How many students would this apply to?
The University of Illinois at Chicago estimates that the Student ACCESS Bill would provide new scholarship opportunities for roughly 1,500 students across all 4-year public universities in Illinois.
How do you know there are 1,500 undocumented students at four year public universities?
Administrators from UIC reached out to each 4-year public university to acquire this information.
Won't this bill negatively impact students who are U.S. citizens? Will this bill create more competition for scarce resources for students who are U.S. citizens?
Thank you for asking these questions. There are approximately 144,000 students enrolled in IL 9 public universities. The University of Illinois at Chicago estimates that there are 1,500 undocumented students enrolled in our public universities. They account for only 1% of enrollment at those institutions. It is important to understand the scale of how this legislation would affect students in universities across the state.
These students already competed with each other to gain admittance to the university, they compete against each other every day in the classroom and with this bill they'd have an opportunity to compete with them for scholarship opportunities. Students who are citizens are already competing with 99 percent of their peers for institutional aid, this legislation would ass the remaining 1 percent to the mix. This legislation is not going to upend opportunities for our U.S. citizen students.
There are U.S. citizen students supporting this legislation on every campus. Many of them have been at the Capitol in past sessions and in the session to advocate for the bill. They understand that their friends and classmates deserve the same opportunities that they do, regardless of their citizenship status.
Moreover, our universities don't see it this way. Every single 4-year public university in Illinois supports this legislation. They want the local control to support their already enrolled and admitted students.
Lastly, it's also worth noting that U.S. citizens are afforded a lot more opportunities for scholarships and financial aid, both public and private, on account of their citizenship status. As a matter of fact, undocumented students are currently ineligible to apply for federal student aid, Pell grants, Illinois' MAP grant and other forms of state-based financial aid.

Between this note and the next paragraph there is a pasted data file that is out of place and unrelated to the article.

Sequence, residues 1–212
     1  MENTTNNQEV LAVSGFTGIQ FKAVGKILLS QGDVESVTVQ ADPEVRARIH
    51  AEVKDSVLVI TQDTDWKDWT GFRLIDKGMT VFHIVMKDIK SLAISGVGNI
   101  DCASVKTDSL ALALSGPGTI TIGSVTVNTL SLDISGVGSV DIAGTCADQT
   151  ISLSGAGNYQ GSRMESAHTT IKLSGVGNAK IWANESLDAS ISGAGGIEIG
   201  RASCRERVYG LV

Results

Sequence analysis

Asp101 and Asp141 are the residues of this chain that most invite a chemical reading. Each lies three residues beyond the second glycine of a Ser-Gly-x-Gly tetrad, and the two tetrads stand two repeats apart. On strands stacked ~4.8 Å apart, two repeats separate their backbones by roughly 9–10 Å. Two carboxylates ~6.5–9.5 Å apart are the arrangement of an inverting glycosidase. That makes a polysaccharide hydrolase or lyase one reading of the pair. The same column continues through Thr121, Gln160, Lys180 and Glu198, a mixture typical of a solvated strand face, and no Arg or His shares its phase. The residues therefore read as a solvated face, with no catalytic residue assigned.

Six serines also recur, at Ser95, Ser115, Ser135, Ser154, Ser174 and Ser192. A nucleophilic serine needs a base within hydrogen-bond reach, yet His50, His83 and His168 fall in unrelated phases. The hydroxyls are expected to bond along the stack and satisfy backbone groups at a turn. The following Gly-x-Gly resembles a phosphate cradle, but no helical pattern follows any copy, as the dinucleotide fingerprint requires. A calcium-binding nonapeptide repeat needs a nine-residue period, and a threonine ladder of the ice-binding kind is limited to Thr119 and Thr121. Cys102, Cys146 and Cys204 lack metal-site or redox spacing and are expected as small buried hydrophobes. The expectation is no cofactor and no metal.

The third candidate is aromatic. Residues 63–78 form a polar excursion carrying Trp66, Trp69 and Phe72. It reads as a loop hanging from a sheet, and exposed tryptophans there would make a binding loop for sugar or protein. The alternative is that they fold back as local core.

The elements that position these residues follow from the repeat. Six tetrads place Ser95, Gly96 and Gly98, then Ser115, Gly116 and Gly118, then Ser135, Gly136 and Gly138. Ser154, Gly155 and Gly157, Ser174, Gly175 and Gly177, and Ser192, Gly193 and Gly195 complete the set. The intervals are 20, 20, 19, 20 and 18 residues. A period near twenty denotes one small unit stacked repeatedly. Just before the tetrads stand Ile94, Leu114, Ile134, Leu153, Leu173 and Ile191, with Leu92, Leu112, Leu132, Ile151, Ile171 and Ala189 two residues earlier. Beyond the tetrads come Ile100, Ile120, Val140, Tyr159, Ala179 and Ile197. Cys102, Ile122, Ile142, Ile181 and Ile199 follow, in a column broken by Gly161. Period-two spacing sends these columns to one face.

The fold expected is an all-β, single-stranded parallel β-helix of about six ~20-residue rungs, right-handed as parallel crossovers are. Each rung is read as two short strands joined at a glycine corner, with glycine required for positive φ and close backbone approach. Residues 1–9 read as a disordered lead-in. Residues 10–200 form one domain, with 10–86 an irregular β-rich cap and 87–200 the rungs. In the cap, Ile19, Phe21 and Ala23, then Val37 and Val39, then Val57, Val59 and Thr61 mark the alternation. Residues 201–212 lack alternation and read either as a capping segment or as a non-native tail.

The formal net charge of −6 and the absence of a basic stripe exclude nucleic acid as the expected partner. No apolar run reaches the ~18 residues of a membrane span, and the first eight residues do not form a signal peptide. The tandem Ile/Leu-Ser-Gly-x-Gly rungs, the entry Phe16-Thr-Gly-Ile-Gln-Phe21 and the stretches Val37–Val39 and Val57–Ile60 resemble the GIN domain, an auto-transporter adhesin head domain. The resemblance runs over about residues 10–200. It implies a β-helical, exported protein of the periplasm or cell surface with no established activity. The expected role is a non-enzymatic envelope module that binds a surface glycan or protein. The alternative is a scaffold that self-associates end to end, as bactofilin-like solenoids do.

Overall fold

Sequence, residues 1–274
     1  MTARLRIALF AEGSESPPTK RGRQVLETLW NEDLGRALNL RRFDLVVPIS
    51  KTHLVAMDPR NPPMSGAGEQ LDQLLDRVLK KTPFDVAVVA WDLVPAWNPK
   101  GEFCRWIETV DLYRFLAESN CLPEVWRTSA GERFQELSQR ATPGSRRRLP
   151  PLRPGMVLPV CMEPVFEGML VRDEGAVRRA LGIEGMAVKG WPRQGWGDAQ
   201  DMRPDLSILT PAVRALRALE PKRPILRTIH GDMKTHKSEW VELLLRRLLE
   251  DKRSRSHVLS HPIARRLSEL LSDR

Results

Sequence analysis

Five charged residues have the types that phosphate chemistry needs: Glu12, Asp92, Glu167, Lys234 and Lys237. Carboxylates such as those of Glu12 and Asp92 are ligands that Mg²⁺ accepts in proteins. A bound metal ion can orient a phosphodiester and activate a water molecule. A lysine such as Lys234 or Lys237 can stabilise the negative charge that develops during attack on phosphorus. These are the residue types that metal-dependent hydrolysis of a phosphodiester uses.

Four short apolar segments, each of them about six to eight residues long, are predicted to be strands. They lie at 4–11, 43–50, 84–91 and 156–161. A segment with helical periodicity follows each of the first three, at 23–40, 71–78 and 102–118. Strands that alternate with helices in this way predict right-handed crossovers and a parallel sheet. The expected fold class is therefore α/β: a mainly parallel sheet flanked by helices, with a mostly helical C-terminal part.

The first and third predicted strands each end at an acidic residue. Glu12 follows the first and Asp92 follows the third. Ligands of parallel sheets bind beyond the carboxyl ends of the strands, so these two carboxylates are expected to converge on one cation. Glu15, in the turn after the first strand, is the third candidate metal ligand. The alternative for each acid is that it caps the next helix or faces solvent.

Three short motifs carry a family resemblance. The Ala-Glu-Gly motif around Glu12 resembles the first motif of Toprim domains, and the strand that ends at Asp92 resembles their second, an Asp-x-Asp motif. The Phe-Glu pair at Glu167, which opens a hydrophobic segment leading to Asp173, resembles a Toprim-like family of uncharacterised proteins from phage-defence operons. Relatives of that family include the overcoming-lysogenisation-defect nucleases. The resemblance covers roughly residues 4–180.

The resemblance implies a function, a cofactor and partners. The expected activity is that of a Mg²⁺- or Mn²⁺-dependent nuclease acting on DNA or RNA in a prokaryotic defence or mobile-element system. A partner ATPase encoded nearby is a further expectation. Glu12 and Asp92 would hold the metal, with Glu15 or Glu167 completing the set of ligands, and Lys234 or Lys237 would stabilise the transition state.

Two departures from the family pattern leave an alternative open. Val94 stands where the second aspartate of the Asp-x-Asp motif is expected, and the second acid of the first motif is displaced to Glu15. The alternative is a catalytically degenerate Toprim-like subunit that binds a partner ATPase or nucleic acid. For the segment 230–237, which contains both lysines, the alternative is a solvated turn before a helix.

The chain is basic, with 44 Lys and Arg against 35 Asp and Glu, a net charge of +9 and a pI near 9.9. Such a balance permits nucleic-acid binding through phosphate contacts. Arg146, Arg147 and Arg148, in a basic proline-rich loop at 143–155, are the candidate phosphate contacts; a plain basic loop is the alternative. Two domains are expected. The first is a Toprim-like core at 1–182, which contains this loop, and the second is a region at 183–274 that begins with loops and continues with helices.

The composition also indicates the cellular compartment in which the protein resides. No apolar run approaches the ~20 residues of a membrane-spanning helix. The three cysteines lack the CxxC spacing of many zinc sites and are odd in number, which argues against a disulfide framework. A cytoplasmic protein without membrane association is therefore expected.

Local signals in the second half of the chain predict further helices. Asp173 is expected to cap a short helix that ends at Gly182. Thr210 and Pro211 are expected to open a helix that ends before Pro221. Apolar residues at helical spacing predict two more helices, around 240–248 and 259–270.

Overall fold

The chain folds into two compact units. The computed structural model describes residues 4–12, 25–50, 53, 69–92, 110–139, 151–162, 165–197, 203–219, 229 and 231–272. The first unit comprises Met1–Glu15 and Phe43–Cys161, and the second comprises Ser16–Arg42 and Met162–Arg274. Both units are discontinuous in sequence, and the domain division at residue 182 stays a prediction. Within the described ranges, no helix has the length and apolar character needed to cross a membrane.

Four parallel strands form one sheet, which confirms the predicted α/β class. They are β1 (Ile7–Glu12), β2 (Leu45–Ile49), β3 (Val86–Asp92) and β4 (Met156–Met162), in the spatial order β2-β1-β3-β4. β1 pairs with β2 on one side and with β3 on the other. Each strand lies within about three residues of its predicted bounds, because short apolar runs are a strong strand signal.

Didn't the state already pass legislation providing financial aid opportunities for undocumented students? Doesn't the Illinois Dream Fund provide financial aid?
Undocumented students currently have access to in-state tuition and they may apply for scholarships provided by the privately funded Illinois Dream Fund, which was created in 2011.
In 2014, 1,720 students applied for a scholarship through the Illinois Dream Fund. However, the Illinois Dream Fund was only able to award 26 students a scholarship ranging from $2,000-$6,000. Over the last three years, the program has only been able to assist 2% of applicants due to insufficient private resources.
What role does the Illinois Board of Higher Education have in working with universities to decide how to structure the proposed changes in law?
None. While the Illinois Board of Higher Education supports this legislation, it has stated in committee that the administration of this law rests with the universities themselves. IBHE would have no role.
How can the state provide financial aid to undocumented students when it doesn't have any money to pay universities?
The legislation does not place an unnecessary burden on universities. It provides them with the local control to determine how to support every student enrolled on their campus.
Why should I support the Student ACCESS Bill?
Many college students depend on some form of financial aid in order to complete their education. Students who work long hours or multiple jobs find it harder to succeed and complete their degrees. The state has already invested considerable resources in the primary and secondary education of undocumented students. Providing access to financial aid will help students complete their degrees, enter the workforce and ensure Illinois secures a return on its investment.